a good step

May 18th, 2012
4:56 pm

I suspect this comes from Domino’s realizing that most folks these days avoiding gluten don’t actually have Celiac disease. 1% of the population is gluten intolerant (i.e. Celiac), but roughly a third are gluten sensitive (most in both groups are undiagnosed). A third of the population represents quite a large market. Beyond that, plenty of folks nowadays in neither category are avoiding gluten due to legitimate concerns over its role in a number of inflammatory/degenerative diseases. It’s a trend that doesn’t show any sign of slowing, and nice to see a major company like Domino’s taking it seriously.

Dessy

May 18th, 2012
5:37 pm

To answer the individuals who can’t seem to comprehend why there have been an influx in allergies that weren’t common forty or fifty years ago, we began altering food sources somewhere between the forties and sixties to make them grow more “efficiently” , grow larger and defend themselves against bugs and diseases. By doing so we have altered food sources to the point of harming ourselves. It is only recently that concerned individuals have been able to identify and pinpoint the causes of so many illnesses and “conditions” that so many people suffer today. When the majority comes to the conclusion that it is more important how our food is produced than how it “looks” we may speed up the journey back but not by much. It took years to come to this point and will, I’m afraid, take many more to go back. It begins with ignorance being addressed!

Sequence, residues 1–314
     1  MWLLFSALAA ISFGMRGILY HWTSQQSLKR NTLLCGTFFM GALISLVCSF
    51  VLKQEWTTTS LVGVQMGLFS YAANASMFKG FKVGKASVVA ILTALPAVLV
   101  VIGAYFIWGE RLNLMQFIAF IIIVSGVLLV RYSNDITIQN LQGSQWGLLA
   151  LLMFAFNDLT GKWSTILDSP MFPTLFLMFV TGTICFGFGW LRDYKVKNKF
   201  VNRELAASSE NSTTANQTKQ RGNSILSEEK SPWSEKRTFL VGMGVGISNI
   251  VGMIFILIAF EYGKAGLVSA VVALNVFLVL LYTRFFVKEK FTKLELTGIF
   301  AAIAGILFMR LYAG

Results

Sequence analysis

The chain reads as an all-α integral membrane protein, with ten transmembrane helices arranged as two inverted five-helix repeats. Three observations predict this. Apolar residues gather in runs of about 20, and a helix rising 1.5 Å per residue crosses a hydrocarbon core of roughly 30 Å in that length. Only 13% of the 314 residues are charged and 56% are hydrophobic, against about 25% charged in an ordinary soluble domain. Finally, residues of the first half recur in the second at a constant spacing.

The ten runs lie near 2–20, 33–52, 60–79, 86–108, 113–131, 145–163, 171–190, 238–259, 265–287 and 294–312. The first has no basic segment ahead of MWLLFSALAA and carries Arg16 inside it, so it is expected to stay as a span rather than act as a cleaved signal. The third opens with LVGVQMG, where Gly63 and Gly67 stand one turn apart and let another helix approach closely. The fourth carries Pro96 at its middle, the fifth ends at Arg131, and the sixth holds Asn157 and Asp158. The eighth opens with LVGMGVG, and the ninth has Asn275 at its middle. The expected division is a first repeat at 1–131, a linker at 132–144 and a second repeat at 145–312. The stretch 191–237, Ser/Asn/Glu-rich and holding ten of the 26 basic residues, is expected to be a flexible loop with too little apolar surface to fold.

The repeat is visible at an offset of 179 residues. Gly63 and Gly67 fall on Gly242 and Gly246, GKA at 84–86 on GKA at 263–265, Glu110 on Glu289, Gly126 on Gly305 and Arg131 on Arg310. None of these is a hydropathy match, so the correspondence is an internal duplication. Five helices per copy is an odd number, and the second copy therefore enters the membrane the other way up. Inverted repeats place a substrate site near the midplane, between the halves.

gluten

May 19th, 2012
11:47 pm

Thanks for posting this well written article. I am writing a paper for school and I did a lot of searching and found your points to be some of the best. I appreciate you taking the time to write this.

http://www.felicitysglutenfreehandbook.com

Bob from Accounttemps

May 21st, 2012
8:25 am

@JM’s comparison to diabetes is apt — and yet, we have all these big companies jumping on the “gluten-free” bandwagon and none (not one to my knowledge) embracing diabetic-friendly offerings. Yet, diabetes is far more prevalent. Why is it that certain ailments and diseases all of the sudden get this type of attention when, with all due respect, they are less serious and less prevalent than diabetes? Sure you can always get fruit for dessert (what my dad typically does), but you don’t think he’d like a nice sugar-free dessert like everyone else enjoys?

Not Bob

May 22nd, 2012
12:44 am

Your father doesn’t need dessert to survive. Also diabetes is very heavily self inflicted due to poor diet and poor choices (the piece of dessert comes to mind)… sure there is a genetic dissposition to it… but it can be prevented. Celiac and gluten sensitivity is an actual disease that (at this time) cannot be reversed or cured.. you can only prevent symptoms by controlling what you eat. Diabetes can be prevented, reduced and cured with proper food management. People with celiac or gluten sensitivity can only prevent issues with proper food management. It never goes away.

Bob from Accounttemps

May 22nd, 2012
9:35 am